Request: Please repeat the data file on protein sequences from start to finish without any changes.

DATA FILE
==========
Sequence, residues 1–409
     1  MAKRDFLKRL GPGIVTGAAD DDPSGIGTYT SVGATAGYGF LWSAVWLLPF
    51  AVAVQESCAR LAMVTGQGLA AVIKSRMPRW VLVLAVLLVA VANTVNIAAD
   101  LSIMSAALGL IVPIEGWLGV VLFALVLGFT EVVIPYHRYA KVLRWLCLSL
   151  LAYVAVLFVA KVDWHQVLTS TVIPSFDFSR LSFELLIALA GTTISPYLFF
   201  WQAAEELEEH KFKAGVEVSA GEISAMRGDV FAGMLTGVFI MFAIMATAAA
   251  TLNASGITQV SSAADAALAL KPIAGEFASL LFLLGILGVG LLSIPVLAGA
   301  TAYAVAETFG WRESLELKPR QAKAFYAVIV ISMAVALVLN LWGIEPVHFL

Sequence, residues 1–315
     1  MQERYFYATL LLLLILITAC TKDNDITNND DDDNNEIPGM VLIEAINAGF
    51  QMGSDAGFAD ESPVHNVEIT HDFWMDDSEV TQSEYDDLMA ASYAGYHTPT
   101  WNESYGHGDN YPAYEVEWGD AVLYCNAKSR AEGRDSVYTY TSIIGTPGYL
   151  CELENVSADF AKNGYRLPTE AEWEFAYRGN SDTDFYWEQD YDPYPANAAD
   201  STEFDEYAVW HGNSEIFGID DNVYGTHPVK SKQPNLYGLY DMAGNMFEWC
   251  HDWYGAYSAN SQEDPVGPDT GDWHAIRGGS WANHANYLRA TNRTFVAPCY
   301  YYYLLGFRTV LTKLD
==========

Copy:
Sequence, residues 1–409
     1  MAKRDFLKRL GPGIVTGAAD DDPSGIGTYT SVGATAGYGF LWSAVWLLPF
    51  AVAVQESCAR LAMVTGQGLA AVIKSRMPRW VLVLAVLLVA VANTVNIAAD
   101  LSIMSAALGL IVPIEGWLGV VLFALVLGFT EVVIPYHRYA KVLRWLCLSL
   151  LAYVAVLFVA KVDWHQVLTS TVIPSFDFSR LSFELLIALA GTTISPYLFF
   201  WQAAEELEEH KFKAGVEVSA GEISAMRGDV FAGMLTGVFI MFAIMATAAA
   251  TLNASGITQV SSAADAALAL KPIAGEFASL LFLLGILGVG LLSIPVLAGA
   301  TAYAVAETFG WRESLELKPR QAKAFYAVIV ISMAVALVLN LWGIEPVHFL

Sequence, residues 1–315
     1  MQERYFYATL LLLLILITAC TKDNDITNND DDDNNEIPGM VLIEAINAGF
    51  QMGSDAGFAD ESPVHNVEIT HDFWMDDSEV TQSEYDDLMA ASYAGYHTPT
   101  WNESYGHGDN YPAYEVEWGD AVLYCNAKSR AEGRDSVYTY TSIIGTPGYL
   151  CELENVSADF AKNGYRLPTE AEWEFAYRGN SDTDFYWEQD YDPYPANAAD
   201  STEFDEYAVW HGNSEIFGID DNVYGTHPVK SKQPNLYGLY DMAGNMFEWC
   251  HDWYGAYSAN SQEDPVGPDT GDWHAIRGGS WANHANYLRA TNRTFVAPCY
   301  YYYLLGFRTV LTKLD